Vim 8.0 is released
Development Tools / September 12, 2016

Vim 8.0 is released

The Vim editor has released their first major release in ten years, Vim 8.0.

This version includes many small features, numerous bug fixes, and the following major highlights:

Asynchronous I/O support, channels

Vim can now exchange messages with other processes in the background. This makes it possible to have servers do work and send back the results to Vim.

Closely related to channels is JSON support. JSON is widely supported and can easily be used for inter-process communication, allowing for writing a server in any language. The functions to use are |json_encode()| and |json_decode()|.

This makes it possible to build very complex plugins, written in any language and running in a separate process.

Jobs

Vim can now start a job, communicate with it and stop it. This is very useful to run a process for completion, syntax checking, etc. Channels are used to communicate with the job. Jobs can also read from or write to a buffer or a file.

Timers

Also asynchronous are timers. They can fire once or repeatedly and invoke a function to do any work. For example:

let tempTimer = timer_start(4000, 'CheckTemp')

This will call the CheckTemp() function four seconds (4000 milli seconds) later.

Partials

Vim already had a Funcref, a reference to a function. A partial also refers to a function, and additionally binds arguments and/or a dictionary. This is especially useful for callbacks on channels and timers. E.g., for the timer example above, to pass an argument to the function:

let tempTimer = timer_start(4000, function('CheckTemp', ['out']))

This will call CheckTemp(‘out’) four seconds later.

Lambda and Closure

A short way to create a function has been added: {args -> expr}. This is useful for functions such as filter() and map(), which now also accept a function argument. Example:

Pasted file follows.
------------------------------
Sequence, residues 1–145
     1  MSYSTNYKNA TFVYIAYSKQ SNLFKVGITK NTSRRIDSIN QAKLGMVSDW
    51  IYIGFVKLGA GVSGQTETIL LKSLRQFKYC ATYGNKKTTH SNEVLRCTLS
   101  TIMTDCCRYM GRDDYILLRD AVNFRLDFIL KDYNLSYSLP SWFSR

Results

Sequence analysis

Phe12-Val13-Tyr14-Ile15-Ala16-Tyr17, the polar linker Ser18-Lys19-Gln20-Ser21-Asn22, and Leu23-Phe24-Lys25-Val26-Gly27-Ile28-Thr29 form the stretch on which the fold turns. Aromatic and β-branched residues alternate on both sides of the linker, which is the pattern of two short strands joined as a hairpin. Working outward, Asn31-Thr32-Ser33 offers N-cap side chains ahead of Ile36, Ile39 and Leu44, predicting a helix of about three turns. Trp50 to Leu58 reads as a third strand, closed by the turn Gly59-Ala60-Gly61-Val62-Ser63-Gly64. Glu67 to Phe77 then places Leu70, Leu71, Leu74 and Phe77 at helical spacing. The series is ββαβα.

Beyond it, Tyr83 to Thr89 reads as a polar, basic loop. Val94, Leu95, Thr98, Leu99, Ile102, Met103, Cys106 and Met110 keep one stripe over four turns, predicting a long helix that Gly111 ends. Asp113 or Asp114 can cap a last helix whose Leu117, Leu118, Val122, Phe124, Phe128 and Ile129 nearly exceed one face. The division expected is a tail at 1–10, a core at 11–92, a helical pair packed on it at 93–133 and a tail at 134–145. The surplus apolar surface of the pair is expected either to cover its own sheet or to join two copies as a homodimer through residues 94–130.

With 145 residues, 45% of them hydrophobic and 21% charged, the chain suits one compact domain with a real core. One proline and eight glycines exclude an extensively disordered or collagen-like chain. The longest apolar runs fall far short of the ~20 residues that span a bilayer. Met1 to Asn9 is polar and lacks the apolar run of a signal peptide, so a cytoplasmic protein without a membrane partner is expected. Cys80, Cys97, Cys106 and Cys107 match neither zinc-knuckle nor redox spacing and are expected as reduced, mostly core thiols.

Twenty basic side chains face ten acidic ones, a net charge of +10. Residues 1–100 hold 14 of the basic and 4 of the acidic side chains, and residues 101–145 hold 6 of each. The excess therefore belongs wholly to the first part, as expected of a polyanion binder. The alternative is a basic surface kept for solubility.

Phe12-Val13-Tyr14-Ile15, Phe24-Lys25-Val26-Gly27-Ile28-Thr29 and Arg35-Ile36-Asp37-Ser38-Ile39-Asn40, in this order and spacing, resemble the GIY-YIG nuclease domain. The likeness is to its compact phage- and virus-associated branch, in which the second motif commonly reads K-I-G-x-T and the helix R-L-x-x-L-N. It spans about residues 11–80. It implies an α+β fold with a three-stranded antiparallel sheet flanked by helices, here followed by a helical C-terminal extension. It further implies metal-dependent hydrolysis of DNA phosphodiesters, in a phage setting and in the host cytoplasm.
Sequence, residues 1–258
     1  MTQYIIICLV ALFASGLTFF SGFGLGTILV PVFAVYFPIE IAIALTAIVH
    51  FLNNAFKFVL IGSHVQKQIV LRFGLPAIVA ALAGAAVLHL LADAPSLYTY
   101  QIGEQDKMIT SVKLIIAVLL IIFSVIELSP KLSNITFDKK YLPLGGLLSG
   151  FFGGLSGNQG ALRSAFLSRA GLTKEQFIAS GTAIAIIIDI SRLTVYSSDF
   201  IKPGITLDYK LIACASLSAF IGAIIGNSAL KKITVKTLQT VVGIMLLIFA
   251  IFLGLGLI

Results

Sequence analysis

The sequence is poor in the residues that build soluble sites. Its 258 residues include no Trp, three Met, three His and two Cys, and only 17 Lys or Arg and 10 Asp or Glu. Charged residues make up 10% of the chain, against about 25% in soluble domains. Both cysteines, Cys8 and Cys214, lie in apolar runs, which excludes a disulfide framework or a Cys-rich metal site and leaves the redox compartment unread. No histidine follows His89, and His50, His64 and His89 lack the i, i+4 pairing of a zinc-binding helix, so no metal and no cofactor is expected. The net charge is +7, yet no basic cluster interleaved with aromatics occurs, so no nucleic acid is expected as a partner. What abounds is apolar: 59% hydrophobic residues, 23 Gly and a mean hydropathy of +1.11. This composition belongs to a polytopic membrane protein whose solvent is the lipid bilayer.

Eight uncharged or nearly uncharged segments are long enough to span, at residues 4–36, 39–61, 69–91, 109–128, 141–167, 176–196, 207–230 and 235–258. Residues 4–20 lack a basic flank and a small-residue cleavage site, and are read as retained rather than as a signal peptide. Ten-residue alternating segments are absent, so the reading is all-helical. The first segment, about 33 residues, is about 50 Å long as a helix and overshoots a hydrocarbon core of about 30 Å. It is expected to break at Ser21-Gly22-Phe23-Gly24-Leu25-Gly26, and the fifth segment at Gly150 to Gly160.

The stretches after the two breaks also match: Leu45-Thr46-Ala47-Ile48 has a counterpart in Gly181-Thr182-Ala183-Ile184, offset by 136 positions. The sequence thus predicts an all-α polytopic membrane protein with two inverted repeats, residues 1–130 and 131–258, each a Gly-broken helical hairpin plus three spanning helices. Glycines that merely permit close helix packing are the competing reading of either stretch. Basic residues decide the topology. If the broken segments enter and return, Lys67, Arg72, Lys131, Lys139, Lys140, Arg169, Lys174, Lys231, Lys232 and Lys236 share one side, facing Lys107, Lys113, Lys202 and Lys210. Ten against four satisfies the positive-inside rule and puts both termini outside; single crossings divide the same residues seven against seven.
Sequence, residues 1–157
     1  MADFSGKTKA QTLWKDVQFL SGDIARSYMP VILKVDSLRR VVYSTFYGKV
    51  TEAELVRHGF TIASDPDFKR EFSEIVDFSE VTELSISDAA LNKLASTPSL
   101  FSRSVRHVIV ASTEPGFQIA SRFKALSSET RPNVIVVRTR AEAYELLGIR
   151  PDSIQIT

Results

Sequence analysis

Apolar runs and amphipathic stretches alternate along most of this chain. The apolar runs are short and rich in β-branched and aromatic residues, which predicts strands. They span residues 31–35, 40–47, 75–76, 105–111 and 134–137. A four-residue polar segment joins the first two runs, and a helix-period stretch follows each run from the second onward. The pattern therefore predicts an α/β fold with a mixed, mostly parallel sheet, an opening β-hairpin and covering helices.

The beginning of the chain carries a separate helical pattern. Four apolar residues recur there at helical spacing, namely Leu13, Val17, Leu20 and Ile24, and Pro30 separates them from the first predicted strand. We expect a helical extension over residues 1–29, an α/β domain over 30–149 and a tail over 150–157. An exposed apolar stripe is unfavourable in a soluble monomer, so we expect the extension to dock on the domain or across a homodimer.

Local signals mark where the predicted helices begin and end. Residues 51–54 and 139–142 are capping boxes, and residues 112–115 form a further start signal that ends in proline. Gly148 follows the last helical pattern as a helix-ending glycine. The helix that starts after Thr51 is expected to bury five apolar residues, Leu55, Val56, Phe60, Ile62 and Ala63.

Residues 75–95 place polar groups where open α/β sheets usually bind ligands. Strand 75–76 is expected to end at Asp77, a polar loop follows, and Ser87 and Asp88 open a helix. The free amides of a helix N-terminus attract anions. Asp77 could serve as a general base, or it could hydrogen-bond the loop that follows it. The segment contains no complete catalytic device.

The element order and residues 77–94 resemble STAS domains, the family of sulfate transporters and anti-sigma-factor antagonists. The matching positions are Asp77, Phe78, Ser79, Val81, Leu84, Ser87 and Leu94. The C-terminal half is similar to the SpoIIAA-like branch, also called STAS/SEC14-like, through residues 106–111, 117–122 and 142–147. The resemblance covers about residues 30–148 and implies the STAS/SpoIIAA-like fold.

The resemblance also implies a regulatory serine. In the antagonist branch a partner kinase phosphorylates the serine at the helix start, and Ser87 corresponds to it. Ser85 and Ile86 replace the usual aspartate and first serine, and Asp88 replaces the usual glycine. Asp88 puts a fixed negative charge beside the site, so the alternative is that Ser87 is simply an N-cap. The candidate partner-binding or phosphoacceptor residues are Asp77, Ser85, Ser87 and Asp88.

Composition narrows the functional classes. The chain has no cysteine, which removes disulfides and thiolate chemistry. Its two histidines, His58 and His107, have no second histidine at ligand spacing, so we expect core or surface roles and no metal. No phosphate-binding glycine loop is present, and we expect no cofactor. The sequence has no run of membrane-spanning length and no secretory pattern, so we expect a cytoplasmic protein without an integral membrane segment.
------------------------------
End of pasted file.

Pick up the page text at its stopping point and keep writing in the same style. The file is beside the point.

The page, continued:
:call filter(mylist, {idx, val -> val > 20})

A lambda can use variables defined in the scope where the lambda is defined. This is usually called a |closure|.

User-defined functions can also be a closure by adding the “closure” argument

:func-closure|

Packages

Plugins keep growing and more of them are available than ever before. To keep the collection of plugins manageable package support has been added. This is a convenient way to get one or more plugins, drop them in a directory and possibly keep them updated. Vim will load them automatically, or only when desired.

New style tests

This is for Vim developers. So far writing tests for Vim has not been easy. Vim 8 adds assert functions and a framework to run tests. This makes it a lot simpler to write tests and keep them updated. Also new are several functions that are added specifically for testing.

Window IDs

Previously windows could only be accessed by their number. And every time a window would open, close or move that number changes. Each window now has a unique ID, so that they are easy to find.

Viminfo uses timestamps

Previously the information stored in viminfo was whatever the last Vim wrote there. Now timestamps are used to always keep the most recent items.

Wrapping lines with indent

The ‘breakindent’ option has been added to be able to wrap lines without changing the amount of indent.

Windows: DirectX support

This adds the ‘renderoptions’ option to allow for switching on DirectX (DirectWrite) support on MS-Windows.

GTK+ 3 support

The GTK+ 3 GUI works just like GTK+ 2 except for hardly noticeable technical differences between them. Configure still chooses GTK+ 2 if both 2 and 3 are available.

For more information on this release and for upgrading visit the official Vim site.

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